It gets even worse — if anything, the WSJ piece is an example of how not to do journalism. The article in case used one study from Egypt as one of its main arguments. But the study was withdrawn due to charges of data manipulation. Not only did the WSJ not retract the article, but the only correction they added is a paragraph of text at the end of the article. As a result, the article is still widely circulating as “evidence” that ivermectin works against COVID-19.

The connection between conservative media and ivermectin is unlikely to be a coincidence. Fox News hosts like Tucker Carlson, Sean Hannity, and Laura Ingraham have all repeatedly mentioned ivermectin as a treatment for COVID-19, using it to attack public health officials. Something similar has happened with hydroxychloroquine in 2020, which has since been proven ineffective.

This type of propaganda seems to be working. Republicans are much more likely to be anti-vaccines and pro-ivermectin, polls show. This would also explain why Republican states have the highest COVID-19 incidence and death rates.

Another staunch supporter of ivermectin against COVID-19 is Rand Paul, a United States Senator from Kentucky. Paul has taken numerous anti-scientific positions in the pandemic, from denying the usefulness of masks to minimizing the benefits of vaccines. His latest idea is less of science denial and more a flat-out lie. Paul claims that scientists won’t study ivermectin because they hate Donald Trump.

“The hatred for Trump deranged these people so much, that they’re unwilling to objectively study it,” Paul told a group in northern Kentucky late last week. “So someone like me that’s in the middle on it, I can’t tell you because they will not study ivermectin.”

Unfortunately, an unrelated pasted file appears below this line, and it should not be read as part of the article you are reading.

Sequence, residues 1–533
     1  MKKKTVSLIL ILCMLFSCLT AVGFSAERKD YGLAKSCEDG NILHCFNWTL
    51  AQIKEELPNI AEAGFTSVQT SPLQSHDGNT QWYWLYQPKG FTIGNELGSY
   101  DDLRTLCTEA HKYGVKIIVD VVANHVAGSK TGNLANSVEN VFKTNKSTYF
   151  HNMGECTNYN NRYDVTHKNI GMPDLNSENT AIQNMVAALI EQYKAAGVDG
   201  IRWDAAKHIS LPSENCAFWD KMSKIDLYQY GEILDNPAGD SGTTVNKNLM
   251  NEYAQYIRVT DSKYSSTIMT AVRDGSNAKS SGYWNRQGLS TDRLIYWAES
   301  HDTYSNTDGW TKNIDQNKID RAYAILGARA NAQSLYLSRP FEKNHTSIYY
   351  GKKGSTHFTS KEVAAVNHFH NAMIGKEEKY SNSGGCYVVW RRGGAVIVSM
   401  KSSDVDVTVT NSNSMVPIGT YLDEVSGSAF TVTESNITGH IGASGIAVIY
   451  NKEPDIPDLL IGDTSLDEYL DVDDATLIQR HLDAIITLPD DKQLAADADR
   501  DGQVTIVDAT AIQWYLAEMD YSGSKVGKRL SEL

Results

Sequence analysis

But that couldn’t be further from the truth. Over a dozen studies on ivermectin are ongoing, including a large trial supported by NIH, which recently found that the results “cannot confirm the widely advertised benefits.” According to the World Health Organisation’s database of clinical studies for COVID-19, there are currently 16 trials investigating ivermectin, so Paul’s comments are demonstrably false.

We’ve also had quite a few studies that are already published, but they don’t really support ivermectin either.

What the science says about ivermectin

To be clear, it’s not completely impossible for ivermectin to offer minor benefits in treating the coronavirus. That’s why there are still ongoing studies, because if there’s even a slight chance, researchers want to know. But the existing data does not currently support taking ivermectin, and the prospects are slim at best.

Ivermectin was first identified as a potential treatment for COVID-19 based on experiments in isolated cells. Here’s one thing you should always remember with these studies: a lot of substances kill a lot of pathogens in a lab. That doesn’t mean they also translate to human treatments (and in the vast majority of cases, they don’t). Furthermore, the initial lab studies were done on very high concentrations of the drug, much more than what the human body can safely withstand (and much more than what is prescribed for killing parasites). But, out of desperation at first, the drug was prescribed widely in poorer countries — especially when vaccines were not available.

As months went by, several studies were published, but most involve a small sample size and questionable methodologies (in which ivermectin was prescribed at various dosages, and in conjunction with other drugs). Results were generally inconsistent and were often based on weak study designs.

The most viable evidence we have for ivermectin against COVID-19 comes from reviews of multiple studies; one such review was published in June 2021. The review eliminated low-quality studies and carefully examined ten higher quality (randomized-controlled) clinical trials. Its conclusions are clear: